By Jan Faure
Markets extend gains but risks remain.
US and European equity markets closed out August with a seventh consecutive monthly advance led by strong company profits and supportive central bank policies. The S&P 500 index gained 2.9%for the month, while the Euro Stoxx 50 added 2.6%. Asian markets fared better than the previous month with Japan’s Nikkei 225 index gaining 2.9%, while the Hang Seng index and China’s CSI 300 index declined 0.3% and 0.1% respectively.
The regulatory environment continued to dampen sentiment and appetite for Chinese tech stocks. Beijing issued additional regulations for private companies in support of its "common prosperity" agenda. The campaign, launched last month, is intended to rein in China’s internet companies in areas such as competition, data security, online lending and gaming addiction.
In a much-anticipated speech to the Jackson Hole Economic Symposium of central bankers, US Federal Reserve Chairman Jerome Powell stated that "it could be appropriate to start reducing the pace of asset purchases this year". Despite the Fed indicating that it will start easing one of its major support mechanisms, it indicated that it is in no hurry to raise interest rates. That was good news for markets, which were expecting the Fed to begin winding down its massive bond-buying programme this year.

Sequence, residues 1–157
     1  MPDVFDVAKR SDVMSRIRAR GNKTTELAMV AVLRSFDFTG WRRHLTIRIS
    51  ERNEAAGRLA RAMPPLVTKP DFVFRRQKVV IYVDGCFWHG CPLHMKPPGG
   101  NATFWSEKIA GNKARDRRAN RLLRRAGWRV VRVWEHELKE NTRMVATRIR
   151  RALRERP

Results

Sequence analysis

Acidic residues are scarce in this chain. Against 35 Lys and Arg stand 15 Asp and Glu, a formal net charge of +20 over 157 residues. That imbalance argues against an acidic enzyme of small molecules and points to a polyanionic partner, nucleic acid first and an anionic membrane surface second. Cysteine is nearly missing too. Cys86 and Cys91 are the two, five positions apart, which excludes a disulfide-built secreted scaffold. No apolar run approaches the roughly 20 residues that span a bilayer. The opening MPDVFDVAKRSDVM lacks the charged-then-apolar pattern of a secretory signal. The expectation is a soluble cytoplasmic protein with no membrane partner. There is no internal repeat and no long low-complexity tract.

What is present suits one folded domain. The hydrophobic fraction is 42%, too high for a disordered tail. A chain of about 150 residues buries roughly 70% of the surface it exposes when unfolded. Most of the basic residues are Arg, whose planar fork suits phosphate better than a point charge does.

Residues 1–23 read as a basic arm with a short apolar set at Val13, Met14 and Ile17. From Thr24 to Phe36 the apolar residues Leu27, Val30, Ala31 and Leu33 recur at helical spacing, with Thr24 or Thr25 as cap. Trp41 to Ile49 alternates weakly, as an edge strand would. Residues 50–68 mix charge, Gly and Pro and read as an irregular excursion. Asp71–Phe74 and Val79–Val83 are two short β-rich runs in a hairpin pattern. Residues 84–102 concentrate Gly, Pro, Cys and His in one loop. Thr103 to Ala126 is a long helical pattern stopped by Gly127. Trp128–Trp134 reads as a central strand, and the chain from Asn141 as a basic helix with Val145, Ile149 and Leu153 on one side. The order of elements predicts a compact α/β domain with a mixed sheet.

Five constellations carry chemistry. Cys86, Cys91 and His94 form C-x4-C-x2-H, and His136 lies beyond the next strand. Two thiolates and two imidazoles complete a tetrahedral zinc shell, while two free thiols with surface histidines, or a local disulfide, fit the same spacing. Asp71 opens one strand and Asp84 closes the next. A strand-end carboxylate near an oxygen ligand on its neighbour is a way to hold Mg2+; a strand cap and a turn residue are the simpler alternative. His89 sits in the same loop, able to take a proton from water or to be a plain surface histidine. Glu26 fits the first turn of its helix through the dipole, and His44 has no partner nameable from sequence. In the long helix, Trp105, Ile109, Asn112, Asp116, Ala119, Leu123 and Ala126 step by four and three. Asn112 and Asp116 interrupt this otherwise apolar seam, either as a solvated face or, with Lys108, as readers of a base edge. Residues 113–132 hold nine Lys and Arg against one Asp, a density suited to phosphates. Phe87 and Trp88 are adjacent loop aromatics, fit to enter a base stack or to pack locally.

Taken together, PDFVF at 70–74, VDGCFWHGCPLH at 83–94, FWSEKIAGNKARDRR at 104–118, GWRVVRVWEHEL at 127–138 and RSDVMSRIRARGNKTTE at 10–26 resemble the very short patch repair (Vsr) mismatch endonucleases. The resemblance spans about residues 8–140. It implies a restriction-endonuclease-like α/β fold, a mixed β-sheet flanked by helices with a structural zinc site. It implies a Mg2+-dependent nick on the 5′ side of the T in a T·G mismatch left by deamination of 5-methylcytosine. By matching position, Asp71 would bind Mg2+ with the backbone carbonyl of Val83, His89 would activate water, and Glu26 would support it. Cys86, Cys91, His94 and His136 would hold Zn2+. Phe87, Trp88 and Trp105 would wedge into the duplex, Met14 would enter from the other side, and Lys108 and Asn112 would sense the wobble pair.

Significantly, Powel separated the bond tapering decision from the interest rate decision, a move positively received by markets. The bond-buying program and record-low interest rates have been key pillars of the global recovery from the Covid-19 pandemic. Markets cheered the prospect of interest rates being kept at current lows until the economic recovery is more entrenched.
Despite the mostly positive momentum in markets, there remain a number of concerns that will keep market participants on their toes. These include:
On the last point, the idea that interest rates will stay at record low levels for a prolonged period has been a major contributor to the rally in global equities and bonds. There is a concern that current equity valuations are unsustainable and will have to be backed up strong earnings growth. Low interest rates have done much of the heavy lifting, raising the risk of a market correction if monetary policy is tightened at the wrong time. Yet there never seems to be a good time for markets to accept tighter monetary policy.
GLOBALINDICATORS: Local reporting currencies